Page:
Sunday at SXSW in retrospect

The day was kind of a blur. I’ve been taking notes when I’ve had an adequate power supply for my laptop, and I’ll either post them raw or try to clean them up a bit when I get a breather. (There’s a few-hour stretch today where I think I can get a little work done.)
My panel with Rob Davis and Jason McCabe Calacanis seemed to go real well. We packed the room, which was good to see. (We were up against Dan Gillmor, so we were worried about that. In the green room, Jason raised his fist at Dan and said “Damn you, Dan Gillmor!” or “Curse you, Dan Gillmor!” I forget which but it was funny.)
Jason is a good provocateur, willing to stake out controversial positions and not worried about turning large parts of the audience (like Mac users) against him. This was cool because it stirred up a lot of shit in the room and left me lots of space to seem moderate and reasonable. I seem to recall a few laugh lines that cracked everyone up, which makes my day, since deep down I think I’m a repressed wannabe stand-up (or sit-down) comedian. We had a lot of great questions from the audience, so there was lively give-and-take instead of dry lecturing from the stage.
I’m haunting the pubsub feed to see if anyone blogs anything about the session because who knows, maybe it was terrible? For instance, I’m not sure we ever defined Open Source Marketing adequately or established that it is anything at all or that if it exists it’s really worthwhile, etc. Ping Yee asked a great question, vis a vis the Dean campaign (where we met) about the downside of open marketing. I agreed that there is one and had nothing to offer about how to manage it. I reminded everyone (like we need reminding) that in the election the more traditional command-and-control structures won. Kerry beat Dean and Bush beat Kerry.
If you attended the session and have feedback positive or negative (er, I mean, constructive) please drop by and leave a comment or send me a trackback ping or something. I’d like to learn how to do this kind of thing better, and I’m on another panel on Tuesday, so, as a user interface guy, I’d like to keep evolving the “experience” as we say.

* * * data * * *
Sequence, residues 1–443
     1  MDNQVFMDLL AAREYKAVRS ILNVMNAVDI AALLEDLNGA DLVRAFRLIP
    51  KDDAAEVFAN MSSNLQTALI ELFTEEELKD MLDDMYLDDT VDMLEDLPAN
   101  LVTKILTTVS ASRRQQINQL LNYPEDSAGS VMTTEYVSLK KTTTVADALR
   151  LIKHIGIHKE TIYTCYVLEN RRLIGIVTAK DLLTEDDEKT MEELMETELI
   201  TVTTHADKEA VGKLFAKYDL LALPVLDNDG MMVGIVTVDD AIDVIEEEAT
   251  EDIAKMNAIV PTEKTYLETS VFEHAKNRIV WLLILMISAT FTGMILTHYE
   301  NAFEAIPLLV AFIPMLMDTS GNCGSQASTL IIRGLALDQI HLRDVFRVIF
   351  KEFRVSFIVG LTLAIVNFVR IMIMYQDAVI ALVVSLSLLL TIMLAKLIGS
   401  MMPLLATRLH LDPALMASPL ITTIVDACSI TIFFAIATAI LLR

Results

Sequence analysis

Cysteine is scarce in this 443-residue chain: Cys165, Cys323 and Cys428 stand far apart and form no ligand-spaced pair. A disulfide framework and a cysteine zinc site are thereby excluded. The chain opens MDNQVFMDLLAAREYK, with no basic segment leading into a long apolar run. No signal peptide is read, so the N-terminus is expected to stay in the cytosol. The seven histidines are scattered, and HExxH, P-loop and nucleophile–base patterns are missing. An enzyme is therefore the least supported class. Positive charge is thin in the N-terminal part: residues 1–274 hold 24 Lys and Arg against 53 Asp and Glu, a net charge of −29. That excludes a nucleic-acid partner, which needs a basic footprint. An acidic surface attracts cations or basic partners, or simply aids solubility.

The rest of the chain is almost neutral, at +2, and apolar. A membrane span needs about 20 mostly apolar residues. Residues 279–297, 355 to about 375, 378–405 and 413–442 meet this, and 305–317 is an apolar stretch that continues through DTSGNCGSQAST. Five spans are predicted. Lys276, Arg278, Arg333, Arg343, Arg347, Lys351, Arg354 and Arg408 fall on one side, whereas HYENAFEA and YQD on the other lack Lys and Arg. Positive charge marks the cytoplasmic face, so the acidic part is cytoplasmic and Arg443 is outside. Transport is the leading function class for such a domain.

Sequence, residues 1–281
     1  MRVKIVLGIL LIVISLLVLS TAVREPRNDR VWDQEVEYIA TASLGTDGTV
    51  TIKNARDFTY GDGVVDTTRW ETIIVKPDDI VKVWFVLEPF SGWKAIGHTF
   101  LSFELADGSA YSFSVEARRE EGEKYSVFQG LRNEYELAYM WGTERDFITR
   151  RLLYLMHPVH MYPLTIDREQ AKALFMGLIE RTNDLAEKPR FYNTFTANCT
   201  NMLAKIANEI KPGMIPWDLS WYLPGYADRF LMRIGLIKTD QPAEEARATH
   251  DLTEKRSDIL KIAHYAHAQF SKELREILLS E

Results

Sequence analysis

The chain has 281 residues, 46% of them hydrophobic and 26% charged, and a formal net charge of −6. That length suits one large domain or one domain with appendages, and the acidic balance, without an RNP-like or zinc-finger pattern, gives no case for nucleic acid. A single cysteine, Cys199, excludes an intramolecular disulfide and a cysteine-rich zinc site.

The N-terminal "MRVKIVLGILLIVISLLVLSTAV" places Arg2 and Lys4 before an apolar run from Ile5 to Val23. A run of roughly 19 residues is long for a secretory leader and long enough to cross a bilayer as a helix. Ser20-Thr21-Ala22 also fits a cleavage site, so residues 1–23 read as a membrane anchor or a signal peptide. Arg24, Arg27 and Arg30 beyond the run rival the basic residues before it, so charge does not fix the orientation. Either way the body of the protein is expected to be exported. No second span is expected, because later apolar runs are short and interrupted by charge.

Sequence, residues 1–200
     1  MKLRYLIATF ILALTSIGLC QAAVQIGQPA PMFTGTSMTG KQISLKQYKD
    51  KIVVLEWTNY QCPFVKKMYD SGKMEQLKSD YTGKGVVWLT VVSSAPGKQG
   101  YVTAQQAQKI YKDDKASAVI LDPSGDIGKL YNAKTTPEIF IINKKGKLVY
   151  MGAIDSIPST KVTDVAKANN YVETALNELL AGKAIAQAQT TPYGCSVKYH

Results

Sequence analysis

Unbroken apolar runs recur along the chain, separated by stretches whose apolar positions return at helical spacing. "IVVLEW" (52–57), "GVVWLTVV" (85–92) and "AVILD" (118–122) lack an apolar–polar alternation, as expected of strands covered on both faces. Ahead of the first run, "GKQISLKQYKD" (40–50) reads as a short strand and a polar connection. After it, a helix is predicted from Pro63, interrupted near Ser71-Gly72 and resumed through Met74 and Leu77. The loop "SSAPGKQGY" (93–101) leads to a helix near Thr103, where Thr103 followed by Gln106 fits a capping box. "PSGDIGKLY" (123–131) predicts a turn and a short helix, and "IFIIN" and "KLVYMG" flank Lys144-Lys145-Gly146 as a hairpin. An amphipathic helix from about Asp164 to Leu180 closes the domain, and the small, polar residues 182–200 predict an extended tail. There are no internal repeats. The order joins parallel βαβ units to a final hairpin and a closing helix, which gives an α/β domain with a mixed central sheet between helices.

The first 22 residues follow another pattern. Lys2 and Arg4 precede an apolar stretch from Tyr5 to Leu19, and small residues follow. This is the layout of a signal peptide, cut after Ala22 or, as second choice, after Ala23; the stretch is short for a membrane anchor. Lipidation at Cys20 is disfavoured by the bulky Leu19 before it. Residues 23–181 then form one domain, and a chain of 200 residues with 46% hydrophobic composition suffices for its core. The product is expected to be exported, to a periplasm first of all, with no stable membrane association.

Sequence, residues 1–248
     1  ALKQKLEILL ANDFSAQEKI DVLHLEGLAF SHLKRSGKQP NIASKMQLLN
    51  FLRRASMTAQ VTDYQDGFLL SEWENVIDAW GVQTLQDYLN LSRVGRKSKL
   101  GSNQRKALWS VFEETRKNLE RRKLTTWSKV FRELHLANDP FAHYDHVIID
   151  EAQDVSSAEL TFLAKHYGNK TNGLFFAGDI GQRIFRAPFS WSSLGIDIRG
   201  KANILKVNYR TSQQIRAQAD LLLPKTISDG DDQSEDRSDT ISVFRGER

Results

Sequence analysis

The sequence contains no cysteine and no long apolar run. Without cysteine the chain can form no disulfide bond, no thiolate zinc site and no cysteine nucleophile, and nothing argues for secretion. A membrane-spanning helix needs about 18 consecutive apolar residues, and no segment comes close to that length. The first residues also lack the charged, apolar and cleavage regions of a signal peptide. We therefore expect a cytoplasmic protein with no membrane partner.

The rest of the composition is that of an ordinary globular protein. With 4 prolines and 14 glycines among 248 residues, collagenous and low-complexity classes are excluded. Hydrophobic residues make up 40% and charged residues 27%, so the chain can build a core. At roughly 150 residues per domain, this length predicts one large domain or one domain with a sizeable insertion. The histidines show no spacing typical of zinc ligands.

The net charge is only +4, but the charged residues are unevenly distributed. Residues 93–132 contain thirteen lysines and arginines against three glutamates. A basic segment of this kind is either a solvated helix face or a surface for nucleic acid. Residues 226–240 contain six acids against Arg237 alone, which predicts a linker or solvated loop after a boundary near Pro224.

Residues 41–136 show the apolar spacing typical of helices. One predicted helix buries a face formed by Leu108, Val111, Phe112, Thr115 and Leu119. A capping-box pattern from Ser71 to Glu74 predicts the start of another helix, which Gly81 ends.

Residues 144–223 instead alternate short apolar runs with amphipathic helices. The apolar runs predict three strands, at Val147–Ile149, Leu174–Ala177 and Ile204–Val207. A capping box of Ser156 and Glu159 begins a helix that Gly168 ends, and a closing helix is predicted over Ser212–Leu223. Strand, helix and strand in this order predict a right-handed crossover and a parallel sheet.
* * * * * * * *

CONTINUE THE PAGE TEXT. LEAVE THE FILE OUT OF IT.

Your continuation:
I really enjoyed the session with Craig Newmark and Matt Haughey at the end of the day. They are both low-key modest guys with clean functional websites that kick the ass of most of the flashier more hyped projects out there. They’ve learned a lot by serving their users, and they both do customer support. Their anecdotes were entertaining and their insights were valuable.
Plus, I finally got a chance to introduce myself to mathowie in person.
For the second night running I opted for music instead of geek-schmoozing. Perhaps not the smartest thing to do career wise – I probably won’t be appearing in too many flickr photo streams, but musicwise I was in heaven. Saw the Resentments at the Saxon Pub and they were incredibly good. I’ll write more about the music in Austin over in my personal journal.
Tonight I probably should get myself to a good geek party though and press the flesh. When I got back to the hotel last night there was a buzzy little thing going on in the bar, with danah, Steve Champeon, Calacanis, and other familiar faces milling around, but I was just too tired from the two-and-a-half hours of music and the late barbecue dinner at Ruby’s, and I was missing my baby, so I spun through the bar once and then hied myself up to my room to call home before hitting the sack.






One response to “Sunday at SXSW in retrospect”

  1. James Cherkoff Avatar

    I have tried to define the space here:
    and continue to do so here..